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China’s Growing Deadly Addiction

2 minute read

To live in China, home to more than 300 million smokers, is to marinate in a haze of tobacco fumes. Now a new study published in the medical journal the Lancet has found that to live in China is, all too often, to die from cigarette smoke. By 2050, smoking could lead to 3 million deaths a year in China, and if rates don’t fall, at least half of Chinese males could eventually die from their nicotine habit–what the Lancet calls a “growing epidemic of premature death.”

Although smoking is declining worldwide, two-thirds of Chinese men light up, according to the study. (A relatively small fraction of Chinese women smoke.) And while luxury-cigarette cartons are a common gift during Chinese holidays, an average pack costs little more than a dollar. Even the poorest Chinese can afford to smoke. And why shouldn’t they? Cigarette companies advertise in schools and health clinics.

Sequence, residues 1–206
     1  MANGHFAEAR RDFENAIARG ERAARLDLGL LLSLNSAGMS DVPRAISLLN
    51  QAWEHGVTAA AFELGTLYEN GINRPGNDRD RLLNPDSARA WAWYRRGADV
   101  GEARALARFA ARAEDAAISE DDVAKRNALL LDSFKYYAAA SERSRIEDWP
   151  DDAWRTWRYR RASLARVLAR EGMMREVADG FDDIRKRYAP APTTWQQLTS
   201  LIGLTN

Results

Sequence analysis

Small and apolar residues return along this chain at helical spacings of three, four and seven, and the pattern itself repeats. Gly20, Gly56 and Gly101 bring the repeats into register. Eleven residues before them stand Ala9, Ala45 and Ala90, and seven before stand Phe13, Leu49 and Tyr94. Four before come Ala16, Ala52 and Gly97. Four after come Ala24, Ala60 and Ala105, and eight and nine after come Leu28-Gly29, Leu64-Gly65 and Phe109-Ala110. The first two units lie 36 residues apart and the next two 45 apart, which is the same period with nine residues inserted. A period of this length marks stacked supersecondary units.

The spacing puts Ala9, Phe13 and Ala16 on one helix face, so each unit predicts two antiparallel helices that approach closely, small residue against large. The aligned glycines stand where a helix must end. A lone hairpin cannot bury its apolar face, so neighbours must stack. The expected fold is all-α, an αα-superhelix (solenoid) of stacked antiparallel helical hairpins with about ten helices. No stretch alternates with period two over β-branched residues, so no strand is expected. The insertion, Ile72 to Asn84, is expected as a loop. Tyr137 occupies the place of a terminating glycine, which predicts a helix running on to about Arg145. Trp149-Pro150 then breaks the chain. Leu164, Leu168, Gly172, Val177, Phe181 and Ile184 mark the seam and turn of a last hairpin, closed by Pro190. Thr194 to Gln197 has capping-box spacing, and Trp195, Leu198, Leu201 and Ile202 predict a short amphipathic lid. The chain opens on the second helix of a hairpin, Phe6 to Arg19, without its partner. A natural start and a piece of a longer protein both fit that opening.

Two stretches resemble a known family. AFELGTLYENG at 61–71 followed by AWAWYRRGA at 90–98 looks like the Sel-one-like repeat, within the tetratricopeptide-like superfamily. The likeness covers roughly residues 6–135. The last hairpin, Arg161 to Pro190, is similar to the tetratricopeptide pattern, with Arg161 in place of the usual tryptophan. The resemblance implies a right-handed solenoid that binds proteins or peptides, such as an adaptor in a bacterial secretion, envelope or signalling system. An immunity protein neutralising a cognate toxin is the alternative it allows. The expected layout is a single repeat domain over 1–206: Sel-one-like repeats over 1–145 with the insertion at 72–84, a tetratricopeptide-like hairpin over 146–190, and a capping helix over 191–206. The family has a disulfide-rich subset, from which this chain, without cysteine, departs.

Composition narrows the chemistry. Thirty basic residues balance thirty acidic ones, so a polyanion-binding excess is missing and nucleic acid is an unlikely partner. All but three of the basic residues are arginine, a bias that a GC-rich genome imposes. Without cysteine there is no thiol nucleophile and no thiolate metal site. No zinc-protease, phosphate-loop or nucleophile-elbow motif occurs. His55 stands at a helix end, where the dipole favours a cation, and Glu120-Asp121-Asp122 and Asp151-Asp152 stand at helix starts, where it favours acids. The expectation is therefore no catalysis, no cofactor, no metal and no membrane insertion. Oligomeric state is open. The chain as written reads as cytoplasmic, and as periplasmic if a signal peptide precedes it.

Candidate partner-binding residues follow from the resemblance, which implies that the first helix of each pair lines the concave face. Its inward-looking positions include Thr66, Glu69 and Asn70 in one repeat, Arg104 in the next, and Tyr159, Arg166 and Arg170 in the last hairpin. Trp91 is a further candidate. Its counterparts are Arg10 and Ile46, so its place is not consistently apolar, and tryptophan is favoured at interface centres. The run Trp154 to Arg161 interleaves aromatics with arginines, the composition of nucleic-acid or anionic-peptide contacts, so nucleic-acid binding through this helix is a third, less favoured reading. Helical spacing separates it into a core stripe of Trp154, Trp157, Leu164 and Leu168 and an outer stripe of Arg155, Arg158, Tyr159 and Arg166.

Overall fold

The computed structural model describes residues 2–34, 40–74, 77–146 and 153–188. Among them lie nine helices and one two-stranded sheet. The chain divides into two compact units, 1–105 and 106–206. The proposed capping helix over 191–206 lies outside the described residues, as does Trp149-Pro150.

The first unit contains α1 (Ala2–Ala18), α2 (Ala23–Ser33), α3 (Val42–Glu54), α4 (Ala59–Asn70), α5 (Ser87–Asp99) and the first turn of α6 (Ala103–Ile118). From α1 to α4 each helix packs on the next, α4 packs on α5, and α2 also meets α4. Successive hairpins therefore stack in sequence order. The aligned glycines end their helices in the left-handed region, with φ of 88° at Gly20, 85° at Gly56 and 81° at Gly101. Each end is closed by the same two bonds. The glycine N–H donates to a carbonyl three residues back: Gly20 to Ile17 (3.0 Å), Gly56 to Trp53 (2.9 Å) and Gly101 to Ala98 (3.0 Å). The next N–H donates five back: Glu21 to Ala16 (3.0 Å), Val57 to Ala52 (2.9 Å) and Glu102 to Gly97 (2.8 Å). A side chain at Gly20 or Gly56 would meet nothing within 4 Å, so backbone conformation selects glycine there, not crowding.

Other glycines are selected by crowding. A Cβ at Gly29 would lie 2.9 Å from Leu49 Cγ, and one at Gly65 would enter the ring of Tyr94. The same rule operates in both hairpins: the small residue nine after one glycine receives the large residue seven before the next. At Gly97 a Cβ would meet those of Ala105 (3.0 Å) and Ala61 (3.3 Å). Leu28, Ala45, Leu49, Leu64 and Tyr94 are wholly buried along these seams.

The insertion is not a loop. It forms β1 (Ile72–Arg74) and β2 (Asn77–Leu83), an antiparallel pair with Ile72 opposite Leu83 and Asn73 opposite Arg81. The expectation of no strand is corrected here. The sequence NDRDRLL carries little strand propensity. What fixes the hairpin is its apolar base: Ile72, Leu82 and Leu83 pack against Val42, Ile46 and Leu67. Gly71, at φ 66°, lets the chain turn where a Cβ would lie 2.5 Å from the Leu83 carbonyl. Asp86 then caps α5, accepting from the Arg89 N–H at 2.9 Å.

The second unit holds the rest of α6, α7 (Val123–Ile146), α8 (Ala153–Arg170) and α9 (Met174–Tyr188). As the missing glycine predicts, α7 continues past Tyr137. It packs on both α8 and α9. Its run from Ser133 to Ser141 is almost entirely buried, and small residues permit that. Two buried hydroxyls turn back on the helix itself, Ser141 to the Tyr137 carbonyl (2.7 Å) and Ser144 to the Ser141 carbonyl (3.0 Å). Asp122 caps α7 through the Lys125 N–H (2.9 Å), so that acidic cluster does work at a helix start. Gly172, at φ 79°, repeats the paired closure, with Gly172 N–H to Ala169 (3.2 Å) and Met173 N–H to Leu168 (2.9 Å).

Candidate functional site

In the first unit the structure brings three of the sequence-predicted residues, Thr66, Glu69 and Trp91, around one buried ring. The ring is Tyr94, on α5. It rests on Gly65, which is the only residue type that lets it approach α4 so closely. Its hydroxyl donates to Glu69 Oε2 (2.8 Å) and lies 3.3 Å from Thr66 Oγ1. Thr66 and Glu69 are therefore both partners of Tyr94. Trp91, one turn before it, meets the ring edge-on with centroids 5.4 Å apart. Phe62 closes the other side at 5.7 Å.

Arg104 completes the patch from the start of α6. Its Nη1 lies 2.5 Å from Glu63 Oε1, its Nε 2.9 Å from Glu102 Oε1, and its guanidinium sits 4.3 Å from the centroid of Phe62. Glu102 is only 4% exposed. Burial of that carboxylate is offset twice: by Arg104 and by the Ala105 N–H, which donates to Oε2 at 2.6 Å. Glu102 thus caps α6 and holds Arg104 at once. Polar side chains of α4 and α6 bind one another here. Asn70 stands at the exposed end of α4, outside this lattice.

The Chinese government knows it has a medical crisis on its hands, even if many Chinese men still consider smoking an acceptable social rite. As of this summer, smoking was banned in public indoor spaces in Beijing, a prohibition that is not always enforced. Still, the world’s largest tobacco company, China National Tobacco Corp., which churns out more than 2.5 trillion cigarettes a year for dozens of domestic brands, is owned by none other than the Chinese government. In fact, 7% of the state’s revenue comes from tobacco. That’s an addiction that may be even harder to quit than smoking.

Beech is TIME’s China bureau chief

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